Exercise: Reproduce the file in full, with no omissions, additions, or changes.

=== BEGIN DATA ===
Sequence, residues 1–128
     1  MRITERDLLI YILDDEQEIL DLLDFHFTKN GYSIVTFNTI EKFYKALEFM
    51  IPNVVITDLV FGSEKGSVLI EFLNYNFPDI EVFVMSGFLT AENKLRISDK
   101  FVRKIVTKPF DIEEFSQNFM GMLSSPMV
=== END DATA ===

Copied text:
Sequence, residues 1–128
     1  MRITERDLLI YILDDEQEIL DLLDFHFTKN GYSIVTFNTI EKFYKALEFM
    51  IPNVVITDLV FGSEKGSVLI EFLNYNFPDI EVFVMSGFLT AENKLRISDK
   101  FVRKIVTKPF DIEEFSQNFM GMLSSPMV